. C9ORF72-ALS/FTD-associated poly(GR) binds Atp5a1 and compromises mitochondrial function in vivo. Nat Neurosci. 2019 Jun;22(6):851-862. Epub 2019 May 13 PubMed.

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  1. This paper nicely shows that expression of a poly(GR) in all the layers of the cortex under the control of a CamKII promotor can induce an ALS/FTD-related phenotype. A major advantage of this study is that the poly(GR) is expressed at a relatively low level and that phenotypes induced by huge overexpression of the transgene are avoided.

    Another very interesting characteristic of the system used in this study is that the expression of poly(GR) can be reduced by feeding the mice with doxycycline. Interestingly, behavioral and even the cellular phenotypes can be significantly reversed when the expression of poly-GR is lowered. This is fascinating and has far-reaching consequences. It strongly indicates that therapeutic strategies lowering the expression of toxic dipeptide-repeat proteins can reverse disease phenotypes, even after disease onset. This reversal of the phenotype can be considered as a very interesting new insight, in addition to the systematic characterization of the underlying disease mechanism, which is related to mitochondrial dysfunction.

  2. This paper describes an interesting new poly(GR)-expressing mouse model. We will need a range of different models to ultimately understand the role of each DPR and their contribution to C9ORF72-repeat pathology, so this is a welcome addition.

    The most striking finding is that neuronal loss and synaptic dysfunction are identified even though GR is not detectable by immunostaining until six to eight months of age (although it can be detected earlier with ELISA). This suggests relatively low levels of likely soluble GR are sufficient to induce neurodegeneration.

    The paper also links poly(GR) to an early defect in mitochondrial function, which could explain the later development of DNA damage. Many pathways have been implicated in C9ORF72-repeat-induced neurodegeneration, and mitochondrial dysfunction should now be added as a new avenue for further investigation. Consistent with the previously reported AAV poly(GR) mouse model, no TDP-43 pathology was observed, and so the link between DPRs and TDP-43 is still an outstanding question.

  3. This is a very nice addition to the building literature on mechanisms of toxicity from DPR expression in animal models. It brings to light a surprisingly specific mechanism, whereby poly(GR) alters mitochondrial ATP5A1, further linking mitochondrial dynamics and dysfunction to neurodegeneration and providing a potential therapeutic avenue.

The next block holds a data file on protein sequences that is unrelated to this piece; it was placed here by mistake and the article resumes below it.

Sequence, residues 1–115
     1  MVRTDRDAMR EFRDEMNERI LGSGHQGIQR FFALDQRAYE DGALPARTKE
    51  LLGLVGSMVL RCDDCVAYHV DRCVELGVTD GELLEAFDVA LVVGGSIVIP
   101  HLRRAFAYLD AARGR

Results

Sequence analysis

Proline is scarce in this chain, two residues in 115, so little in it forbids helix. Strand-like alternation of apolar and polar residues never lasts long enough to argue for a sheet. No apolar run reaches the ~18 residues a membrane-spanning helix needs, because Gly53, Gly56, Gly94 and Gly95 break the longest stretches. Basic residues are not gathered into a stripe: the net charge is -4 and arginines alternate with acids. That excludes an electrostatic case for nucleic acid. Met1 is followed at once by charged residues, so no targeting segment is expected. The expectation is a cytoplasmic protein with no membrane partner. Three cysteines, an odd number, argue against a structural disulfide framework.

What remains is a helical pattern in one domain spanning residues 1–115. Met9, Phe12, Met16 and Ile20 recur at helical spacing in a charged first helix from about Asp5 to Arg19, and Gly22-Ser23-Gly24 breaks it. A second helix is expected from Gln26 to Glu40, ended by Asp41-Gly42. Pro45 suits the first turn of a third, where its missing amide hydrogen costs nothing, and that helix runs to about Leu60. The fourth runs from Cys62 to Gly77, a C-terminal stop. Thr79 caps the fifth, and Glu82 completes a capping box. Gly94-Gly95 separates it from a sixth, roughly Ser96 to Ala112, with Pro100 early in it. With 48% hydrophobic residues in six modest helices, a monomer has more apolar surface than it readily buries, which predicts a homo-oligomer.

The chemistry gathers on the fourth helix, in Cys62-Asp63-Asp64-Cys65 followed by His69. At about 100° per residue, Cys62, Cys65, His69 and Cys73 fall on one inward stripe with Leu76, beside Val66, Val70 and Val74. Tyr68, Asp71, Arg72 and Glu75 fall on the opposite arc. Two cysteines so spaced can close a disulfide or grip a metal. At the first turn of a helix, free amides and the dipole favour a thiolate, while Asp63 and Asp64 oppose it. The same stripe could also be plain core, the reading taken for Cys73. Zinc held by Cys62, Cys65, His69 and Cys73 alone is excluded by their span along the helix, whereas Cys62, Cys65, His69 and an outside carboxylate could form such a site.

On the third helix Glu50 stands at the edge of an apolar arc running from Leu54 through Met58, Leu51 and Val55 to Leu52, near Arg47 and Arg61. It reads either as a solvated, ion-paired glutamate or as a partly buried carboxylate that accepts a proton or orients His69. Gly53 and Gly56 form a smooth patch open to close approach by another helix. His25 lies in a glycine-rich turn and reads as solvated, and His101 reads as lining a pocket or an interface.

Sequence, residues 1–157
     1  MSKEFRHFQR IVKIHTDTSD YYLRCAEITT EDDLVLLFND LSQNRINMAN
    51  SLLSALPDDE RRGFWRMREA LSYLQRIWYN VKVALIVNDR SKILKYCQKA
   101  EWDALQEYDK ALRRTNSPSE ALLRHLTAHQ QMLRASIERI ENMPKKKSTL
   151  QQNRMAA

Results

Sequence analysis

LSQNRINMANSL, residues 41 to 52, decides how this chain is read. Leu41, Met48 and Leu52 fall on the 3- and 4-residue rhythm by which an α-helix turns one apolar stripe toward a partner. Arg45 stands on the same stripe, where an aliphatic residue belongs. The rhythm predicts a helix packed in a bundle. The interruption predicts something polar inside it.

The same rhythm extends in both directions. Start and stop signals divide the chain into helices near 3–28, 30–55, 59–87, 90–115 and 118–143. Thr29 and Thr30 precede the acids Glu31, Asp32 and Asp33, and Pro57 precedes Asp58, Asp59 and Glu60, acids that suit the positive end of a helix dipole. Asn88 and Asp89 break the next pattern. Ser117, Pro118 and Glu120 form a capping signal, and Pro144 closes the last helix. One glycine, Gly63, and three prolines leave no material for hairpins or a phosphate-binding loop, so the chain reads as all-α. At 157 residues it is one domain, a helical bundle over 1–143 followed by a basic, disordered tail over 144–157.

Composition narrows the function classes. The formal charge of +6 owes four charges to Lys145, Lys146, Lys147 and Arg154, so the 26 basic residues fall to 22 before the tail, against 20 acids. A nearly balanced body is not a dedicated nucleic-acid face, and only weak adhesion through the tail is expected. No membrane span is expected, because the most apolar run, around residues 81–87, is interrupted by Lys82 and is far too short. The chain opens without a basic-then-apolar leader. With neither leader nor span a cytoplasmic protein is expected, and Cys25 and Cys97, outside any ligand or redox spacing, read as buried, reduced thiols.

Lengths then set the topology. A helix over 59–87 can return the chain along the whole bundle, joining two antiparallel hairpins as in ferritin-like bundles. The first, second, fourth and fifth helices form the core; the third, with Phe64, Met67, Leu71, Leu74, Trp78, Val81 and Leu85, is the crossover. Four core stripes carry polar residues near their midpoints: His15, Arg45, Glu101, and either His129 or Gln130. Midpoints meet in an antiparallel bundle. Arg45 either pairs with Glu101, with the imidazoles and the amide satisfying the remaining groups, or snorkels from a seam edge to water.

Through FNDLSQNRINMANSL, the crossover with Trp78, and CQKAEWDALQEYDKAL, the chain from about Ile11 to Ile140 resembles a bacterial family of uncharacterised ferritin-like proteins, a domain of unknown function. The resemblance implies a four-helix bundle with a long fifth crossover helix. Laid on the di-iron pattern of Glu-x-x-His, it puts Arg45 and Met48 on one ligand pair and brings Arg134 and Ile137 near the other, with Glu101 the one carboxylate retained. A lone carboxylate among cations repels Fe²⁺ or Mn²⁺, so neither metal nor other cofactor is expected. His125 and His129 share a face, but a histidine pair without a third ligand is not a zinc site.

Challenges going forward for the field include interpreting this mechanism of toxicity in the context of the numerous other toxicities of the different DPRs, and determining whether some are more important than others, and where and when they are happening in human disease. 

    Regardless, it provides further support for the idea that diminishing gain-of-function products of the C9ORF72 repeat could have a therapeutic effect, and many of these strategies are in preclinical or clinical phase testing.

  4. This work provides an additional mouse model and research tool for the C9 ALS/FTD community. Because C9 ALS/FTD disease is a complex disease, with the expression of two mutant transcripts (sense and antisense) and six dipeptide repeat-containing proteins, which are produced by repeat-associated non-AUG (RAN) translation, this polyGR-expressing mouse model is a simplified model for studying the potential contribution of polyGR to disease pathology.

    The paper provides a compelling data set showing that moderate expression of polyGR causes mitochondrial dysfunction that is linked to reductions in Atp5a1. In the future, it will be interesting to test if strategies described to reverse GR toxicity improve phenotypes in mouse models that express the repeat expansion and produce the multiple types of RAN proteins found in patients. It will also be of interest to test if Atp5a1 levels are reduced in these G4C2 mouse models and also in C9 patient tissues.

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  1. C9ORF72 Toxicity Tied to Mitochondria, Transcriptional Machinery